Big snows are (were?) rare enough around here that traditions and memories are firmly imprinted. My mom had traditions: always bake or make a big pot of something and instruct Dad to take an Irish Coffee to Elmo next door while he was shoveling. Without even realizing why, I stopped on the way home Friday for Irish Coffee makings. I didn't even remember the tradition until today when I offered one to my shoveling neighbor Cece.

When the news reports previous historic snow totals, they all prompt a memory:

1979 - Wearing what Dan called "weird chic" cloth Chinese shoes while walking home to 4884 MacArthur from an all-night party in Foxhall Village. Even the drugstore and Safeway didn't open for a day or two and people were skiing down the Boulevard.

1982 - Walking the several miles home from work at Georgetown University to find roommate Matthew Klena watching the news of the Air Florida crash and the Metro accident.

1996 - Being snowed in here, in Mt. Rainier, for over a week with young children. They got so sick of sledding that they just wanted to play on the plow hills at the corner. That was easy because these plow hills were right in front of the house and the kids didn't need to be so well suited up.

What will be this season's memories? Well, first the sheer number of events, including the "mess up holiday plans storm" of December 2009. Then the January 30 six inch interlude during which we held Bob's big birthday party and grilled in the backyard. For the "big one" which just passed, it will be neighbors Kathy and John coming every night to play board games with Richard and me. And neighbor Dave and I embarking upon a committed relationship with Battlestar Gallactica by watching the first disc. Also our local brewery/restaurant Franklins has a new brewer and tonight's "meet the brewer/try two new beers" will stick in my mind because many of us who made it there hadn't been anywhere in days and yet another big snow was beginning. Staff were outside to push people out of the parking lot.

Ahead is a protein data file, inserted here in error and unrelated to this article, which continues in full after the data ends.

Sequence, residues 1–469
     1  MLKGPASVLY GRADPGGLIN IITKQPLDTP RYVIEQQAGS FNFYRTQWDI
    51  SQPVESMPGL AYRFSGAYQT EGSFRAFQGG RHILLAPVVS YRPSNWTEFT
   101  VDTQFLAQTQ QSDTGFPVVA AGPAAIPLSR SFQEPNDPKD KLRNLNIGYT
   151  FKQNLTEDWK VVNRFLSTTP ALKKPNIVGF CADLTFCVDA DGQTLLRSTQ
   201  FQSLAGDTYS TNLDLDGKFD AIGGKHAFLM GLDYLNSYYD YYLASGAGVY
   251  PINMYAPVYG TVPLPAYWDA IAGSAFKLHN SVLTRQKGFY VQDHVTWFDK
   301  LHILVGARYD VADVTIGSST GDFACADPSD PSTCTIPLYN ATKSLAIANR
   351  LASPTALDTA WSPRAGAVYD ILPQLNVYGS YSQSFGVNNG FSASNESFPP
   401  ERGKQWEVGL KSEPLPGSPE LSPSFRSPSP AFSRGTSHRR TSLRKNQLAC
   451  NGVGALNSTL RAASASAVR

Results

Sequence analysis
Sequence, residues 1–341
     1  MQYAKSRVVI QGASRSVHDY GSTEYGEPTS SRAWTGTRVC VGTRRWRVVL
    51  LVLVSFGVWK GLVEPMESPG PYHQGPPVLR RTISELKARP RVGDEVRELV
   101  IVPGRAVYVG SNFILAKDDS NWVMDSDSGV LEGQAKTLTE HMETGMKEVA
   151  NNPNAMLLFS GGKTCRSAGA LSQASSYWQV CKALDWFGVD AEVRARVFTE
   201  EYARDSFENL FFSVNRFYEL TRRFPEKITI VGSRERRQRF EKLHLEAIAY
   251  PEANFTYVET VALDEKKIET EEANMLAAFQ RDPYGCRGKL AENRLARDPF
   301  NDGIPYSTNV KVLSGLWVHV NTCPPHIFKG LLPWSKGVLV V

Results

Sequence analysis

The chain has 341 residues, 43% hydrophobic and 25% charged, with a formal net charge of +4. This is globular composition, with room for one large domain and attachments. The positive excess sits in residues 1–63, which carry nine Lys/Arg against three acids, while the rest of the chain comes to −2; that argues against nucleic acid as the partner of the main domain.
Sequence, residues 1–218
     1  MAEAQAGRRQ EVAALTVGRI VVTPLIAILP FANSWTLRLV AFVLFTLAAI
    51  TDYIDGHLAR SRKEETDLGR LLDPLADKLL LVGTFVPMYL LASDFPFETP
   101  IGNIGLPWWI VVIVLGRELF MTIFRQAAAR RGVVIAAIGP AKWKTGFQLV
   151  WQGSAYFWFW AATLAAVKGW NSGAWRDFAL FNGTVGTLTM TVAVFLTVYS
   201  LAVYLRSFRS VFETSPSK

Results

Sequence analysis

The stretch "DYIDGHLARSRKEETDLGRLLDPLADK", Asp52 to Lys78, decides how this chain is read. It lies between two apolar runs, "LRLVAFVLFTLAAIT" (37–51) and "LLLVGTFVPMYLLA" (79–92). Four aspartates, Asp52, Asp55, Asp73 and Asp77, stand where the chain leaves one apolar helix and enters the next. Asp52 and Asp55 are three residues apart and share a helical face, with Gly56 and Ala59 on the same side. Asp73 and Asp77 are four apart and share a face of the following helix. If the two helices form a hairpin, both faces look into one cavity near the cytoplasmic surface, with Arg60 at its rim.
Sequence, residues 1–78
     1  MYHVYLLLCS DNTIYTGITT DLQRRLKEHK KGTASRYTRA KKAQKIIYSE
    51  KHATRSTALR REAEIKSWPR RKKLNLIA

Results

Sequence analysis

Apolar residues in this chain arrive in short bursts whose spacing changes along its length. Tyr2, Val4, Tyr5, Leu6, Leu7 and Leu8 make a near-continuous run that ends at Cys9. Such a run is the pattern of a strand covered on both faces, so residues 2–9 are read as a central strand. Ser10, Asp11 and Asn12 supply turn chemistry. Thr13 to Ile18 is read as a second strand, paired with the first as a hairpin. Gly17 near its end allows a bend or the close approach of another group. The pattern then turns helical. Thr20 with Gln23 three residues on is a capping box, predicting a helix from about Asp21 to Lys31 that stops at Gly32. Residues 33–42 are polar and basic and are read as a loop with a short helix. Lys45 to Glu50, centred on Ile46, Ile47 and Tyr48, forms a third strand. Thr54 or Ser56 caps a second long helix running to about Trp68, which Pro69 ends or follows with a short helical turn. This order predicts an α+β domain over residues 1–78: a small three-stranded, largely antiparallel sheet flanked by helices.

It's easy to make fun of snow hysteria, but it can be rough when the power goes out or the infrastructure collapses in various ways. But it also is just unusual enough to put us in a festive mood and makes us mark those friends and family who get us through, and it imprints traditions that we barely know we have. Fare well Washington DC area friends... spring will arrive for us.

Friday, February 05, 2010

Commander Salamander Blues by Chip Py

Twenty five years ago Commander Salamander was really something to see. We used to drive all the way from Nags Head to buy clothing, sunglasses, buttons and all of the radical raging supplies a punk rock kid needed. I was really heartbroken when I heard that the store was closing. I went one more time to say goodbye, but when I walked through the doors, I had a better understanding of why it had met its demise. Except for a Cobain poster over the register, this store was no longer unique. It looked like any other store in any other shopping mall anywhere. Man, this was where Andy Warhol would shop when he came to DC! Someone totally mainstreamed their inventory and their presentation. No corrosion in their conformity. Somewhere down the line Commander had ceased to be cutting edge and unique and, like almost everything else in Georgetown (and retail in general) it became just another common denominator.